# Compute the order of growth of a program

** Combination **: is a set

**: is an ordered set**

*Permutation*Permutations with repetition: n possibilities for the first choice, n for the second choice and so on:

\[ n^k \\ \]*All* the permutations without repetition of a set N are given by

\[n(n-1)(n-2)…(1) = n! \\

\]

whereas the permutations of, say, 3 items for a set of N elements are

\[ n(n-1)(n-2) \\ \]which you can generalize to

\[\frac{n!} {(n – k)!} \\ \](For n = 5 it means \( { 5! \over 2!} = { 5 \times 4 \times 3 \times 2 \times 1 \over 2 \times 1} \) ).

If you want a **combination** of *k* itmes out of a set of *N* elements, you do permutations/redundancies; in terms of combination, a “redundency” is every single way you can arrange N elements… that is, the permutations of N. Therefore you sort of “undo” the permutation by dividing over *k!*, obtaining

\frac{n!}{k!(n-k)!} = {n \choose k}

\]

In fact, we just saw that a combination of N elements has N! permutations. Therefore, given a permutation of N, it would suffice to divide it over N! to have a combination back.

However, this formula is called **binomial factorial** and reads *n choose r*. Keep in mind that when you find, say, \( n \choose 3 \) it is easier to solve it as \( {n(n-1)(n-1) \over 3! } \) rather than plug the values in the above formula and deal with a mess of calculations, where \( n(n-1)(n-2) \) is the worked out version of \( \frac{n!} {(n – k)!} \) for k being 3.

With this in mind, let’s see how to compute the order of growth of some little programs. Disclaimer: most of times is enough to pick the array accesses as a proxy for the running time, since it is often the most expensive operation.

**2 Sum**:

int count = 0; for (int i = 0; i < N; i++) for (int j = i+1; j < N; j++) if (a[i] + a[j] == 0) count++;

The number of different combinations of a[i] and a[j] here is \( n \choose 2 \) – that is, the number of times the j loop is executed; and each combination involves 2 array accesses. Therefore, the overall number of array accesses is given by

\[{n \choose 2} = \frac {n(n-1)} {2!} \times 2 = \sim N^2 \\

\]

Obvious stuff to pay attention to:

-> \( n(n-1) \) is the result of \( {n! \over (n – k)!} \), as I just said above;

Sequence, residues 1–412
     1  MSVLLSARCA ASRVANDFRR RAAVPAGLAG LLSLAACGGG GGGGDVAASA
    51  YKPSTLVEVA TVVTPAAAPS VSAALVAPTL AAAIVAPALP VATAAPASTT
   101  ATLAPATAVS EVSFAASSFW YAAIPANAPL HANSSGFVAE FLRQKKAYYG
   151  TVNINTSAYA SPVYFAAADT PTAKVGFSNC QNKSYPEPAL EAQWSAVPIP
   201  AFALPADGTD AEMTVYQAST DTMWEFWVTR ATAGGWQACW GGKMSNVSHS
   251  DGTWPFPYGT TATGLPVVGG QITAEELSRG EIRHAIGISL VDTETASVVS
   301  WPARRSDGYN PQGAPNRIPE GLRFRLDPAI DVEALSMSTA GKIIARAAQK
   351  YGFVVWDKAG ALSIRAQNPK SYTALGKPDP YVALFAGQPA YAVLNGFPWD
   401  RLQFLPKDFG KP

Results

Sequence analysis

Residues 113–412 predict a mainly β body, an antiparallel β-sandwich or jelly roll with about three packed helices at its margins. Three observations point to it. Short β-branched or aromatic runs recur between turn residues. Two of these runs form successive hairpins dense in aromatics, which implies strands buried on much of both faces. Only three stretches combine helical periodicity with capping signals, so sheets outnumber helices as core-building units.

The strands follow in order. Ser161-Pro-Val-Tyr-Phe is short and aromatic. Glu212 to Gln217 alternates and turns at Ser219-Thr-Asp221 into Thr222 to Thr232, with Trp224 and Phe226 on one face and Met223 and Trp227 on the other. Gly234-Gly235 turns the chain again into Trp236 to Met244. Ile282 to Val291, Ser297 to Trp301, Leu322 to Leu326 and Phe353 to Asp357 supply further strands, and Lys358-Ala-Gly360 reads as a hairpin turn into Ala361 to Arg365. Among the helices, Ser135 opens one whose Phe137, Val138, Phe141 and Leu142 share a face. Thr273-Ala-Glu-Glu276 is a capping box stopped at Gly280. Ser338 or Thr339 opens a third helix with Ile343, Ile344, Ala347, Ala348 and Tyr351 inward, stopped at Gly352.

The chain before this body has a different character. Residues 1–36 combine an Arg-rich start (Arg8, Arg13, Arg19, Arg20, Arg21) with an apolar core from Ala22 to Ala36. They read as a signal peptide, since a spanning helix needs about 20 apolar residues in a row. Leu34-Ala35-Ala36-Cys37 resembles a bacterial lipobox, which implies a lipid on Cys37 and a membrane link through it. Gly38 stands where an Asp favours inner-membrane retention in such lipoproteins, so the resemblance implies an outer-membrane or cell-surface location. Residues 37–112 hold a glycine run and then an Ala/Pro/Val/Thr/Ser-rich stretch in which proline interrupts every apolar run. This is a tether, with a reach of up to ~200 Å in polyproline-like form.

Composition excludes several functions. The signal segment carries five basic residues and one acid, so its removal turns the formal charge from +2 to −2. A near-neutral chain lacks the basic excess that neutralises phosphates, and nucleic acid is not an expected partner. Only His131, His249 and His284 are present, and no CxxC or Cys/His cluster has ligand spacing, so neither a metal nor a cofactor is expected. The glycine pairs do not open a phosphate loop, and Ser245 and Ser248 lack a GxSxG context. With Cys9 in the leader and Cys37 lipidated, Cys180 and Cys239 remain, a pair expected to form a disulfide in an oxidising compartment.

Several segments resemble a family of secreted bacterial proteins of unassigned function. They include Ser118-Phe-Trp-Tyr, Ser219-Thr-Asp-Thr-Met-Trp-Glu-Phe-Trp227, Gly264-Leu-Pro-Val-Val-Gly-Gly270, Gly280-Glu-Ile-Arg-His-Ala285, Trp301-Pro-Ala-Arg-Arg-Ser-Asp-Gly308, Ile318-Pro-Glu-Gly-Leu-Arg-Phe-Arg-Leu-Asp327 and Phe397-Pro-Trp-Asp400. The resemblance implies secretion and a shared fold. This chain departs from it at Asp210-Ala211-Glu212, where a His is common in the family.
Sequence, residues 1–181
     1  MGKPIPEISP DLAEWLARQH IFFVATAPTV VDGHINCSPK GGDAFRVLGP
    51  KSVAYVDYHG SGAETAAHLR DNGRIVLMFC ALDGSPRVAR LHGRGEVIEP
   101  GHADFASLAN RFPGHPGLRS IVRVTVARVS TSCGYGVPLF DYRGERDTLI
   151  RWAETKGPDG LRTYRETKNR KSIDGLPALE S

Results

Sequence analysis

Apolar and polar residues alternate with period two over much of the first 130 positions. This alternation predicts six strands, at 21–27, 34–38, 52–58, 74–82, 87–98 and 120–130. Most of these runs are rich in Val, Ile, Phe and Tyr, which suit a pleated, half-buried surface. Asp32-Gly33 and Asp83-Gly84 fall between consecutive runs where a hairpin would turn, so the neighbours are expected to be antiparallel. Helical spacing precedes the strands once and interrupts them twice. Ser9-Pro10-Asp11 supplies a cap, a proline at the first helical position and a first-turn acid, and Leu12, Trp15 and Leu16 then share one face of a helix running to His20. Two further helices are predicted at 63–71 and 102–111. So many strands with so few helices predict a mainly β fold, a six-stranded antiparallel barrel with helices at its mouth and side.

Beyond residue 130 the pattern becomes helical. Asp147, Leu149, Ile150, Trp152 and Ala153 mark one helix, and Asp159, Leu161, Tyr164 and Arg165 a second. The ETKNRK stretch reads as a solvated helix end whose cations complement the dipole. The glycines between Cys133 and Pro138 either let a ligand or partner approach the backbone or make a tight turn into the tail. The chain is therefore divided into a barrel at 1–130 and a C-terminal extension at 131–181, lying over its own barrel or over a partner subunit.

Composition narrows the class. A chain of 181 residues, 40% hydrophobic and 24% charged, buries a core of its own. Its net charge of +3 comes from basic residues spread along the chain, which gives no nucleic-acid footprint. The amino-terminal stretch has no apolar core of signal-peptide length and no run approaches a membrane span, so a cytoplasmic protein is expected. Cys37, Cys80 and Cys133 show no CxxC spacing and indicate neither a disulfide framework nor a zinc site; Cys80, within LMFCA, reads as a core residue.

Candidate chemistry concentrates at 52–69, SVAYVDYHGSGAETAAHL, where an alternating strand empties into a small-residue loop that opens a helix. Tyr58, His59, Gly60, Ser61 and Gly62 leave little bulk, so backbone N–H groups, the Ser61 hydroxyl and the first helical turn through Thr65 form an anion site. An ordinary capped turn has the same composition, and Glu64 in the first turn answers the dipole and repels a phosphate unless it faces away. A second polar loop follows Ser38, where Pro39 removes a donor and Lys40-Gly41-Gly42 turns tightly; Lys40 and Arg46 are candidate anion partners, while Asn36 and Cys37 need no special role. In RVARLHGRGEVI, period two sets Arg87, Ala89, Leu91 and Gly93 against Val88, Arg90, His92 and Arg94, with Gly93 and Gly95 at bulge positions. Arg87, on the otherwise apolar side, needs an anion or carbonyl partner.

-> the order of growth for the j loop alone is \( {1 \over 2 }N^2 \), for the 2-sum is \( N^2 \).

If you manually “unroll” the loop, you’ll note indeed that the j-loop is executed n-1 times for the first i-loop (from 0+1 to 0+N), n-2 times for the second i-loop (from 1+2 to 1+N) for a total of \( (n-1) + (n-2) + (n-3) + … + 1 \), which is in fact \( {n (n-1) \over 2} \).

Another example:

**3 Sum**:

int count = 0; for (int i = 0; i < N; i++) for (int j = i+1; j < N; j++) for (int k = j+1; k < N; k++) if (a[i] + a[j] + a[k] == 0) count++;

Which is basically the same story: different combinations times array access for each inner loop yields

\[{n \choose 3} = \frac {n(n-1)(n-2)} {3!} \times 3 = \sim {1 \over 6} N^3 \times 3 = \sim {1 \over 2} N^3 \\

\]

although the function describing only the k loop is \( \frac{n^3}{6} – \frac{n^2}{2} – \frac{n}{3} \).

Another example:

int sum = 0; for (int i = 0; i < N; i++) for (int j = i+1; j < N; j++) for (int k = 1; k < N; k = k*2) if (a[i] + a[j] >= a[k]) sum++

The k-loop is executed log(N) times, and each time it involves 3 accesses. The j-loop is the 2-sum \( {1 \over 2} N^2 \) , resulting in

\[3 \times \log N + {1 \over 2} N^2 = {3 \over 2} N^2 \log N \\

\]

Another dependent nested loop:

for (j = 1; j < N; j++) for (k = 1; k < 3*j; k++) x = x + j;

The k-loop executes 3 times (1+2+3+…+ N), a well-known series.

\[3 (1 + 2 + 3 + … + N) = 3 {n(n+1) \over 2} = {3 \over 2}N^2 + N \\

\]

Example:

int sum = 0; for (int i = 0; i*i < N; i++) for (int j = 0; j*j < N*N*N; j++) sum++;

Note that the two loops here are completely independent from each other.

\[N^\frac{1}{2} \times N^{ \frac{1}{2} \times 3} = N^2 \\

\]

Slightly tricky one:

int sum = 0; for (int i = 1; i <= N*N*N; i++) for (int j = i+1; j <= N; j++) sum++;

The i-loop runs \(N^3 \) times, but the j-loop runs only if

Therefore the oog is only \(N^3 + N\) and **not** \(N^4 \).